Impact of Coronary Artery Calcium Scanning on Coronary Risk Factors and Downstream Testing The EISNER (Early Identification of Subclinical Atherosclerosis by Noninvasive Imaging Research) Prospective Randomized Trial

OBJECTIVES: We conducted a prospective randomized trial to compare the clinical impact of conventional risk factor modification to that associated with the addition of coronary artery calcium (CAC) scanning.  Although CAC scanning predicts cardiac events, its impact on subsequent medical management and coronary artery disease risk is not known.

METHODS: We assigned 2,137 volunteers to groups that either did undergo CAC scanning or did not undergo CAC scanning before risk factor counseling. The primary end point was 4-year change in coronary artery disease risk factors and Framingham Risk Score. We also compared the groups for differences in downstream medical resource utilization.

RESULTS: Compared with the no-scan group, the scan group showed a net favorable change in systolic blood pressure (p = 0.02), low-density lipoprotein cholesterol (p = 0.04), and waist circumference for those with increased abdominal girth (p = 0.01), and tendency to weight loss among overweight subjects (p = 0.07). While there was a mean rise in Framingham Risk Score (FRS) in the no-scan group, FRS remained static in the scan group (0.7 ± 5.1 vs. 0.002 ± 4.9, p = 0.003). Within the scan group, increasing baseline CAC score was associated with a dose-response improvement in systolic and diastolic blood pressure (p < 0.001), total cholesterol (p < 0.001), low-density lipoprotein cholesterol (p < 0.001), triglycerides (p < 0.001), weight (p < 0.001), and Framingham Risk Score (p = 0.003). Downstream medical testing and costs in the scan group were comparable to those of the no-scan group, balanced by lower and higher resource utilization for subjects with normal CAC scans and CAC scores ≥400, respectively.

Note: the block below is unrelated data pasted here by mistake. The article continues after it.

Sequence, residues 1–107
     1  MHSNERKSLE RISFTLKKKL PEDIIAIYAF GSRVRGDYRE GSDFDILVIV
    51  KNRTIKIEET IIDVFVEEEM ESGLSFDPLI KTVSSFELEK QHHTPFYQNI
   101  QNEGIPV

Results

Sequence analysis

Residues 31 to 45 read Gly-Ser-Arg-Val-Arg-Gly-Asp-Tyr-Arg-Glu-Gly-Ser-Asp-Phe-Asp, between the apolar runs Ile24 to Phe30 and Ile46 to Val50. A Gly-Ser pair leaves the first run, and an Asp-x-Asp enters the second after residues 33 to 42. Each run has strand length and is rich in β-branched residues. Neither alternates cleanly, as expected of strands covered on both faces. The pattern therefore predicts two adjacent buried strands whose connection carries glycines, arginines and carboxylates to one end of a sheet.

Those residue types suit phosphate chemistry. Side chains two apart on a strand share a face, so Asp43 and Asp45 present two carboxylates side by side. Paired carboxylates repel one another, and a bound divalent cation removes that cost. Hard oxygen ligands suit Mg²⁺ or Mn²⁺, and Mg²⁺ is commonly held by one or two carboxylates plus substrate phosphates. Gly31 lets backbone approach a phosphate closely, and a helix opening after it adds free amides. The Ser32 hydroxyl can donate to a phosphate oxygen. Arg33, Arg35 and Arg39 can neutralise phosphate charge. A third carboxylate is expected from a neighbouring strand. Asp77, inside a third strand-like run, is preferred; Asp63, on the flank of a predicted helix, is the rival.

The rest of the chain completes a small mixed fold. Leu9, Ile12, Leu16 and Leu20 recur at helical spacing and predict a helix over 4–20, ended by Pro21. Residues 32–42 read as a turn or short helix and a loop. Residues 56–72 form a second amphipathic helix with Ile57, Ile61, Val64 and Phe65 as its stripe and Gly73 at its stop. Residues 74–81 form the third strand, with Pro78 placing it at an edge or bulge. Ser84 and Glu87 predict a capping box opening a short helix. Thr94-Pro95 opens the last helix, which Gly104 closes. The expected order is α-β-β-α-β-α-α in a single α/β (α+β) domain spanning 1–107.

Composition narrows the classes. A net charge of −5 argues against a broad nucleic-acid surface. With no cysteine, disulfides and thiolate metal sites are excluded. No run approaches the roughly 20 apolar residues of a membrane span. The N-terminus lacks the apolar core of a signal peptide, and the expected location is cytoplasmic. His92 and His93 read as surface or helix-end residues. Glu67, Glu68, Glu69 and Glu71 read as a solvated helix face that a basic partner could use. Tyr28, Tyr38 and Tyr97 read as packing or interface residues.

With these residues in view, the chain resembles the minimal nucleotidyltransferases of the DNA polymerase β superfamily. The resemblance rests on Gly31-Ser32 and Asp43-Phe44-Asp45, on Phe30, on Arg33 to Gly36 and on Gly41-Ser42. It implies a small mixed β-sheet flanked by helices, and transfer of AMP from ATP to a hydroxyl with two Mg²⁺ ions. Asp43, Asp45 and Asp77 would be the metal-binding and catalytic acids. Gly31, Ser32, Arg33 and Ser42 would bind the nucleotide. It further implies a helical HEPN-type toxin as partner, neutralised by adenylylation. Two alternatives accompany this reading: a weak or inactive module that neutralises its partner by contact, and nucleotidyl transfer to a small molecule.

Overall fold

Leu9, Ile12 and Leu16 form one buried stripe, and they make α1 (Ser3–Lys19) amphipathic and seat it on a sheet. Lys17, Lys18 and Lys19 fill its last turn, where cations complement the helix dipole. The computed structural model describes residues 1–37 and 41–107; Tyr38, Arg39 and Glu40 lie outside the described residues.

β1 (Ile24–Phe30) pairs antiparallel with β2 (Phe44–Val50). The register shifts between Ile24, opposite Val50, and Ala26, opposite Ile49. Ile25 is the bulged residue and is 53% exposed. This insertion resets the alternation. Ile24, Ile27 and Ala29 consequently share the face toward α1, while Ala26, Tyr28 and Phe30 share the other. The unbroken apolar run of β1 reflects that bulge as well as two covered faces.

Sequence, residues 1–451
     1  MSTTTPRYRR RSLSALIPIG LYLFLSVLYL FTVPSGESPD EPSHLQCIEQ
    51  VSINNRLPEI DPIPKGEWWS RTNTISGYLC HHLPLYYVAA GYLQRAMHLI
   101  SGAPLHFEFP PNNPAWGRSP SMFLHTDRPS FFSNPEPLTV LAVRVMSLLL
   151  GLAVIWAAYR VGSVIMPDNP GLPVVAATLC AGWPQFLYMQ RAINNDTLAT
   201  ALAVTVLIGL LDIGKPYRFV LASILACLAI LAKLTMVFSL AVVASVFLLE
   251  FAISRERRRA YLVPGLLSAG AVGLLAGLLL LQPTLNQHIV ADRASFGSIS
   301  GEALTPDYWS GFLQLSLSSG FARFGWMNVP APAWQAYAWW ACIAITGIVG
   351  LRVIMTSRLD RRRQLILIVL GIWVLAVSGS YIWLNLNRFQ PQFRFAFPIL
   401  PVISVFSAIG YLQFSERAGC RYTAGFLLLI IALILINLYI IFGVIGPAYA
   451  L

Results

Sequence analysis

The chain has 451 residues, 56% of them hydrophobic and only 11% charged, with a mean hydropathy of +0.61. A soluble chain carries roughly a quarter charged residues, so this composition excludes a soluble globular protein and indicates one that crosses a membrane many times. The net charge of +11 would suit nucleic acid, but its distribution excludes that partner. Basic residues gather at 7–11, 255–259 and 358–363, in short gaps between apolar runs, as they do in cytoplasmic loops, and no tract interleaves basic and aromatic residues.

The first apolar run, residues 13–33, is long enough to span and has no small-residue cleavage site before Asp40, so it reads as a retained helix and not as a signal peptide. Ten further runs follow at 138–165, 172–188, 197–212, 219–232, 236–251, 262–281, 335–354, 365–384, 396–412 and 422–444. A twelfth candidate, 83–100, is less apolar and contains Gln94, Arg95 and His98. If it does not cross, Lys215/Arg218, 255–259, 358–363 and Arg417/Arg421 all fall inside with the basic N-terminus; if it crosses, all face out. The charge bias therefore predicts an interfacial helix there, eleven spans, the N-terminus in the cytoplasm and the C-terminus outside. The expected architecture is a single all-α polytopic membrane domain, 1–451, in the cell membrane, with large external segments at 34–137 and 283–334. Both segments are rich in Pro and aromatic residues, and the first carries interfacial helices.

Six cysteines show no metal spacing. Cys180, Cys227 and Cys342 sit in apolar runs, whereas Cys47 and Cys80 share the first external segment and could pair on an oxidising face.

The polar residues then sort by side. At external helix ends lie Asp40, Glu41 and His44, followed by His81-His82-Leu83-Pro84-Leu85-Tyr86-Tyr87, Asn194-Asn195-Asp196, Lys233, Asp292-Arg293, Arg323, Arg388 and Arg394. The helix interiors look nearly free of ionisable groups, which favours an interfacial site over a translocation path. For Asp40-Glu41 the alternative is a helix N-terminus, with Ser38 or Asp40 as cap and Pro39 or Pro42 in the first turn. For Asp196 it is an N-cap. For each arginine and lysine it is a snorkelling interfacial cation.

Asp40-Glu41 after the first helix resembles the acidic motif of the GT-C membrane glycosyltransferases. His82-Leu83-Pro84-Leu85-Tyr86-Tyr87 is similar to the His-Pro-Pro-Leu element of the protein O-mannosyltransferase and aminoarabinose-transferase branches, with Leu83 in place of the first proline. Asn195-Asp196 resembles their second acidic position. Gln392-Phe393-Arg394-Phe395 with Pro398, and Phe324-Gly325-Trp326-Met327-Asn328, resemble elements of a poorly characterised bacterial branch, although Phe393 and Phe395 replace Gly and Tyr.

CONCLUSIONS: Compared with no scanning, randomization to CAC scanning was associated with superior coronary artery disease risk factor control without increasing downstream medical testing. Further study of CAC scanning, including pre-specified treatment recommendations, to assess its impact of cardiovascular outcomes is warranted.

PMID: 21439754

Posted in Computed Tomography and tagged , , , , .

2 Comments

  1. In my opinion, by far the greatest information to come out of this study is that when patients are aware – visually, not just subjectively – of the presence of plaque in their coronaries they are more willing to act upon improving their lifestyle.

    While many studies focus on the cost-effectiveness of imaging, the psychological aspect can sometimes very helpful as well.

  2. See post from 3/23/2011:

    Quantification of Coronary Atherosclerosis and Inflammation to Predict Coronary Events and All-Cause Mortality.
    Stefan Möhlenkamp, Nils Lehmann, Susanne Moebus, Axel Schmermund, Nico Dragano, Andreas Stang, Johannes Siegrist, Klaus Mann, Karl-Heinz Jöckel, Raimund Erbel Heinz Nixdorf Recall Study Investigators.
    J Am Coll Cardiol. 2011; 57(13):1455-1464.
    PMID: 21435514

Leave a Reply

Your email address will not be published. Required fields are marked *

You may use these HTML tags and attributes: <a href="" title=""> <abbr title=""> <acronym title=""> <b> <blockquote cite=""> <cite> <code> <del datetime=""> <em> <i> <q cite=""> <strike> <strong>